- Newly Built Ghost Towns Haunt Banks in Spain
- European Central Bank Arms Itself for Spanish Crisis
- John Williams Discusses The Reasons For The Upcoming Dollar Dump
- In Thirty Years America Spent Enough Debt To LBO Itself, And Ended Up Bankrupt
- U.S. Yield Curve Steepest Since February on Tax-Cut Extension
- Debit Card Fee Cap Could Mean Higher Banking Costs
- BP Oil on Gulf Floor Draws Concern
Newly Built Ghost Towns Haunt Banks in Spain (solidswede)
Just how big a loss the banks are facing is unknown, at least publicly, and that has investors worried — the cost of financing Spain’s debt rose 18 percent in the last month alone. But the potential costs of failure go far beyond that. Spain’s economy, the fifth largest in Europe, is much bigger than Ireland’s or Greece’s, and a bailout of its banks could be far more costly, an event that could push the government into default and end up dooming the euro itself. The Bank of Spain says the banks have about $240 billion in “problematic exposure” out of $580 billion invested in real estate and construction, a situation, they say, the banks are capable of handling.
The ECB’s move came as Spain braved the debt markets following a downgrade alert by Moody’s. Madrid paid the highest interest rates for a decade with yields on 10-year bonds rising to 5.45pc, compared with 4.63pc in November. Spain’s government and banks have to refinance almost €300bn of debt next year, leaving the country prey to a buyers’ strike. “The auction wasn’t a disaster but the markets are going to lose patience very quickly if the bond spreads widen further,” said Elizabeth Afseth from Evolution Securities.
Lately, anywhere we look, there seems to be a pattern emerging: those economic thinkers who actually construct and run their own macro models (not the glorified powerpoint presenter variety) and actually do independent analysis and tracing of the money flow, instead of relying on Wall Street forecasts that have as much credibility as a Moody’s home price hockey stick from 2006, almost inevitably end up having a very dire outlook on the economy. One such person is and has pretty much always been Shadowstats’ John Williams, whose “shadow” economic recreation puts the BLS data fudging dilettantes to shame. That said any reader of Zero Hedge who has been with us for more than a few weeks, knows all too well our eagerness to ridicule the increasingly more incoherent lies coming out of the US department of truth, so no surprise there. Yet another aspect over which there is much agreement is that no matter how one slices the data, the outcome for the US currency is a very grim one.
After recently debunking the economic “recovery’s” flagrantly misrepresented employment data, the OMB’s David Stockman makes a third appearance in as many months (previously here and here), this time on Dylan Ratigan. And as always, it is a must see: key soundbite: “We have had a Fed engineered serial bubble, that has created the appearance of wealth, that has caused people to consume beyond their means through borrowing, and that has flushed the income and wealth of our society up to the top, as a result of the Fed turning the financial markets into a casino. These are pure casinos, they are not capital markets, they are not adding to the productive capacity of our economy, they simply are a bunch of robots trading with each other by the millisecond as a result of the Fed giving them zero cost overnight money, and giving them all kinds of hand signals on what to front-run.”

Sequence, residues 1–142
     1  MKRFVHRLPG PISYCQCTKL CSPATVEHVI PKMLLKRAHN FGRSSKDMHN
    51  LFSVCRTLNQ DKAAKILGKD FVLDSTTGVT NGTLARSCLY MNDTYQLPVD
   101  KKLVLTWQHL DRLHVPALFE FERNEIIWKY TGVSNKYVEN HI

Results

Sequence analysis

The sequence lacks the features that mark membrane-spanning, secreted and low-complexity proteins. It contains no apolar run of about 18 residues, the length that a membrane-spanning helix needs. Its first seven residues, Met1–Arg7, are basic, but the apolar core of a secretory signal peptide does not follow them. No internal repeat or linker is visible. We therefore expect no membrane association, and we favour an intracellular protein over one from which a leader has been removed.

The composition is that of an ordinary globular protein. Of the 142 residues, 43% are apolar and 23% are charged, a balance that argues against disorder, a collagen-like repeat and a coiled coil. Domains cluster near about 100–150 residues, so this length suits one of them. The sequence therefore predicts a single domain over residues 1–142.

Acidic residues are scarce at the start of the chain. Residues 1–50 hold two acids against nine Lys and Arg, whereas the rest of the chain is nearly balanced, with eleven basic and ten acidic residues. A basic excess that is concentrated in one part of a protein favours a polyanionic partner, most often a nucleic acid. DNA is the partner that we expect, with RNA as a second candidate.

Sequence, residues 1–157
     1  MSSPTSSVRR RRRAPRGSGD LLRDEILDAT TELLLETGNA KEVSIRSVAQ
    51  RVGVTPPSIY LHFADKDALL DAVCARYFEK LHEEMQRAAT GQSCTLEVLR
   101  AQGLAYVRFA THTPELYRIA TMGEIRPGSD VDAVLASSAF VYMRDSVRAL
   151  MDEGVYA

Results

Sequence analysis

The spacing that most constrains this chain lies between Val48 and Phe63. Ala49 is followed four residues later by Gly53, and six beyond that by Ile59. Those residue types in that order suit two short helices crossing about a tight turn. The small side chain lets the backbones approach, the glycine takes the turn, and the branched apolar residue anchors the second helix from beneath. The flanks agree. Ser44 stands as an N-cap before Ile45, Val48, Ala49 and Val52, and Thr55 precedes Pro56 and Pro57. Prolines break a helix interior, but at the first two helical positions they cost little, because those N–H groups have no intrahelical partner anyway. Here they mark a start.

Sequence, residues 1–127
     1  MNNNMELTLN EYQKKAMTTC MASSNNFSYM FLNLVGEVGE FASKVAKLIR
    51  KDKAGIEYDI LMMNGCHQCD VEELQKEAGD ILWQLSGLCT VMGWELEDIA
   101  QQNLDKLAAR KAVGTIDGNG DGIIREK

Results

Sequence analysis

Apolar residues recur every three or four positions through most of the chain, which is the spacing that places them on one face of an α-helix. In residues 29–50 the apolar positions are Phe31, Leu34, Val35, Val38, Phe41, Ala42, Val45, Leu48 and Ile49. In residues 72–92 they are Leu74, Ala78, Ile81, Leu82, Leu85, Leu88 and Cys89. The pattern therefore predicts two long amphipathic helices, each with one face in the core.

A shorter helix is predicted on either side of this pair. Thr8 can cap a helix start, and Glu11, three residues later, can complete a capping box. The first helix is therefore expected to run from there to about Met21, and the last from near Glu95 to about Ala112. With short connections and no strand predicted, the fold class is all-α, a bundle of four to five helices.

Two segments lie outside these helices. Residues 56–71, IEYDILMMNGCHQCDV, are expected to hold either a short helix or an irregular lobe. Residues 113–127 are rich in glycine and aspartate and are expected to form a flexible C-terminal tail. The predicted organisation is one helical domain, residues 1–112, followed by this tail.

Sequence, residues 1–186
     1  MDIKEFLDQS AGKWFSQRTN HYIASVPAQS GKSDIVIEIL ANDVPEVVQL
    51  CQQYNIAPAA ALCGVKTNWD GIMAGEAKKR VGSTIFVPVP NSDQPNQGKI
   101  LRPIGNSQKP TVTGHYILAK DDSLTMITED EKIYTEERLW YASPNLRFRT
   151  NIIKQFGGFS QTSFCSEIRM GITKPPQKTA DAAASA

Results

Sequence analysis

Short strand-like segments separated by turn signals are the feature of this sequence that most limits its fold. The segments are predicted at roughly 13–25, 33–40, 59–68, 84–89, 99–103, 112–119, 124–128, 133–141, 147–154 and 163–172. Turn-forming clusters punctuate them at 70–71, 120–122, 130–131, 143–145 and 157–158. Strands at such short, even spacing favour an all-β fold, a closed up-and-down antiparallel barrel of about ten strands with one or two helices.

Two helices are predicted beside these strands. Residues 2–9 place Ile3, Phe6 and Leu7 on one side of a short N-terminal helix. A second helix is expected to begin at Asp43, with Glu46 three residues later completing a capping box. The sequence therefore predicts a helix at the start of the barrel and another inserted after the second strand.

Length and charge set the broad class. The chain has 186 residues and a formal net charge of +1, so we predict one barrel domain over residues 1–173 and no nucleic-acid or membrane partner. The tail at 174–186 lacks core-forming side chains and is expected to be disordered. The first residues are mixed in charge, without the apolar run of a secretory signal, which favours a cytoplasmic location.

The benchmark 10-year yield rose this week to the highest level in seven months as retail sales advanced in November more than economists forecast and the Federal Reserve said the recovery is continuing. The U.S. economy grew at a faster pace in the third quarter, a report is forecast to show next week. “The market will be subject to selling,” said Brian Edmonds, head of interest rates in New York at Cantor Fitzgerald LP, one of the 18 primary dealers that trade directly with the Fed. “It’s hard to think of anything good for bonds coming out of the tax-cut extension. Something has got to give.”
At issue is who will ultimately benefit from the savings? The Federal Reserve’s proposal to cap these fees, officially known as interchange fees, at 12 cents per transaction would enable retailers to pass on annual savings of $10 billion to $13 billion to consumers. But banks and card networks maintain that retailers will pocket the savings. This would leave consumers to bear the brunt of the new law through higher costs for banking and reduced rewards programs. In releasing its proposal Thursday, Fed staff said they found the cost to banks for processing is between 7 cents and 12 cents per transaction. Yet every time a customer swipes a debit card, the average fee is 44 cents.
Heavy contamination from the oil spill is limited to a few locations in the Gulf relatively close to BP’s Macondo well, officials said. Chemical tests have confirmed that oil in some sediment there matches oil from the BP well, according to the report by scientists advising federal spill-response officials. There is no practical way to clean up the spilled oil that has settled deep in the Gulf, officials said, adding that microbes in the water could eventually eat it up.
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